Piece Values - CAST

## Command Area Speed Targets

CAST is a method for valuing chess piece types used in a given CV.

### Introduction

CAST arose out of my frustration with using the SMIRF approach combined with my liking for playing with numbers. Whereas SMIRF uses per square figures CAST uses per board numbers and is therefore easier to apply with less room for error.

It is still a work-in-progress, with the latest addition being the Command element; and soon there may be a Range element - when I shall have to change the acronym! (C-STAR?)

### Examples

Before getting into the detail here are 3 examples of valuing Pawn, Knight, Bishop, Rook, Archbishop, Chancellor, Queen and King on various sized boards.

Note: Over the 3 tables the 19 comparisons (CAST*100/SMIRF) have a mean of 99.95 with a s.d. of 4.84

### The Calculation

A piece's total points value (TPV) is given by

TPV = AP - B + (TP + SP) x C

where

• AP represents the Area Points
• B the Blocking Value
• TP the Target Points
• SP the Speed Points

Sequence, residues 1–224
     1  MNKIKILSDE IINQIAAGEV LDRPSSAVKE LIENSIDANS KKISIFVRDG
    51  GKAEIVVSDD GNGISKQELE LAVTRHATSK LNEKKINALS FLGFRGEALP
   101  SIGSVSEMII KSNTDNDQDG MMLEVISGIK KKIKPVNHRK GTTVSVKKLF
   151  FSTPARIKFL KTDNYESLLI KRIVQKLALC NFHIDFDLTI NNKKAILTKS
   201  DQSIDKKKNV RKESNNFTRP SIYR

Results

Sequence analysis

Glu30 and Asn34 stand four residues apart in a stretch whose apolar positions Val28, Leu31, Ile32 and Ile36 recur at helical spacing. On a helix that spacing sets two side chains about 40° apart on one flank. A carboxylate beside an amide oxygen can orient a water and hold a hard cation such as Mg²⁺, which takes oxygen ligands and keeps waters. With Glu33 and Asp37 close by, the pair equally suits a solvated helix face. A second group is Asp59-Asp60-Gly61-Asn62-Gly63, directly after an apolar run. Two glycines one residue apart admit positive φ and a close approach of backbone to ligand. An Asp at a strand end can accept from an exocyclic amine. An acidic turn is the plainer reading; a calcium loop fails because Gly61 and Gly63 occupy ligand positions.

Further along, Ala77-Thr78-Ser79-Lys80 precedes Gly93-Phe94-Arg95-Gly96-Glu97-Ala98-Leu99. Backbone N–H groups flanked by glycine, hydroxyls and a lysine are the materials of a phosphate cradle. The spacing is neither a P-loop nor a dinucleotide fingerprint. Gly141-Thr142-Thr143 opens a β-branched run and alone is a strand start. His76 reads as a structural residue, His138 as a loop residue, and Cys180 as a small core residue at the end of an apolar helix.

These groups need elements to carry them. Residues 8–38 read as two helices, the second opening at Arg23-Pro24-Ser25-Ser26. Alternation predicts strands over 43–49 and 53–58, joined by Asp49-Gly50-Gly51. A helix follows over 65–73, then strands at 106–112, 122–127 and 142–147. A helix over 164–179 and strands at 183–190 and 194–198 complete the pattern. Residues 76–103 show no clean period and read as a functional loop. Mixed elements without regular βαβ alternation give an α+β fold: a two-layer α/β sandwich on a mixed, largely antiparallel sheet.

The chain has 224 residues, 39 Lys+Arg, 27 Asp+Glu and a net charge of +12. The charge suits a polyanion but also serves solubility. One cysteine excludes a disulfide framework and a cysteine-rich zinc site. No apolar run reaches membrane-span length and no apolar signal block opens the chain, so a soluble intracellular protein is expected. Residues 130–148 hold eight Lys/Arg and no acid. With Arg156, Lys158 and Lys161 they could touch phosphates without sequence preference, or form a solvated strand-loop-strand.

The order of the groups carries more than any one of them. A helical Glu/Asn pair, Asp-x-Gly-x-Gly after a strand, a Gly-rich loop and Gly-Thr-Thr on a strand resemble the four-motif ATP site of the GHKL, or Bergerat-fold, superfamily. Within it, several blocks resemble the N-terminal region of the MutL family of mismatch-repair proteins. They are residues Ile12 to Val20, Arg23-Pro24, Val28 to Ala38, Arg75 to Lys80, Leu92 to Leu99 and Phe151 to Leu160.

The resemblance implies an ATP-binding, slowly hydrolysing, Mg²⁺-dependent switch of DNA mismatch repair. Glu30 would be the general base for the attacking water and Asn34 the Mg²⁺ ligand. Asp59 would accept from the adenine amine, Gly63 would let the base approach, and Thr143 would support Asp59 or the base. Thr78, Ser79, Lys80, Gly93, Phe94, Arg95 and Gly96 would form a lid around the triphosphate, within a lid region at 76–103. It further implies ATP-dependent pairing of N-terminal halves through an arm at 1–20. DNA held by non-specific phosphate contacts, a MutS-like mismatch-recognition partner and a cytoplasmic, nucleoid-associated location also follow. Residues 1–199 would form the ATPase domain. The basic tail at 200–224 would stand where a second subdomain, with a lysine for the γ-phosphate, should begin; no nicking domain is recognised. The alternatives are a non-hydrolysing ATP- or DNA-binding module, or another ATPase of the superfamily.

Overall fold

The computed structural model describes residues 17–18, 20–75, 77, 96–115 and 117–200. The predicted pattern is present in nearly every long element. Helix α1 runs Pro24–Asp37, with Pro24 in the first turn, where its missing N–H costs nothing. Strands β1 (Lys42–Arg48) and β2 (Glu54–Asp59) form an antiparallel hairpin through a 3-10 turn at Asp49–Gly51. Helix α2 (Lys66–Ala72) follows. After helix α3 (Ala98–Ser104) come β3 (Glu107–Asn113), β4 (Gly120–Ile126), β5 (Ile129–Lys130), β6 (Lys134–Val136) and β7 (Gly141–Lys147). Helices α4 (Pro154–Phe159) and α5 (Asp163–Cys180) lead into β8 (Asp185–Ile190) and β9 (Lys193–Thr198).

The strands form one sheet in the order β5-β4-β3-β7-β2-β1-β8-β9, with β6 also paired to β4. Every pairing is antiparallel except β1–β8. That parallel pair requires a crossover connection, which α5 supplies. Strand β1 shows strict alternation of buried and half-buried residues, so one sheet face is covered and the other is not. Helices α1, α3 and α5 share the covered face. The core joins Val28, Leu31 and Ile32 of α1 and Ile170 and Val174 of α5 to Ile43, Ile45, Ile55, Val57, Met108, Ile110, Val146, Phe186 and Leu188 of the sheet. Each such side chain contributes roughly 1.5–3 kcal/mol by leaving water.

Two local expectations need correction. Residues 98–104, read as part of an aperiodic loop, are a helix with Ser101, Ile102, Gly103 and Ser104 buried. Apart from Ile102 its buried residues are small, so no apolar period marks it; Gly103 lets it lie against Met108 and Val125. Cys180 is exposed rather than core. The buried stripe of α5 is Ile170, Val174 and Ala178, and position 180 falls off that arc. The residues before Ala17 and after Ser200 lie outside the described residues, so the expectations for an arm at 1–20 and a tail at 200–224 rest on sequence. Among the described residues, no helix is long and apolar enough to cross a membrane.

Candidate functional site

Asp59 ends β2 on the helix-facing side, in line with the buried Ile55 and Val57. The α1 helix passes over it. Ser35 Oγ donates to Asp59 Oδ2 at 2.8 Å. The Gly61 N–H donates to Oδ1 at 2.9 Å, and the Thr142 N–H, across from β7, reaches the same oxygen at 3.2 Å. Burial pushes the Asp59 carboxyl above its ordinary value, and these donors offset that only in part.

• C the Coverage Factor

taking each parameter in turn

#### Area Points (AP)

This is a measure of the total target area covered by a piece. Any enemy piece within the target area is potentially in danger of being captured. The final value is derived by determining its maximum and minimum and then applying appropriate weights.

AP = (Wmax x APmax) + (Wmin x APmin)

The maximum target area is derived by placing the piece in the center of an empty board and counting the squares attacked. The minimum target area repeats the process but with the piece placed on a corner square.

The weights allow for the pattern of per-square AP values across the whole board as they diminish from the center outwards.

#### Target Points (TP)

This measures the number of enemy pieces within the target area that can be threatened with capture at the same time. For standard pieces where moves finish with the first capture, this equates to the number of directions in which a piece may move. The calculation follows that of the Area Points, thus

TP = (Wmax x TPmax) + (Wmin x TPmin)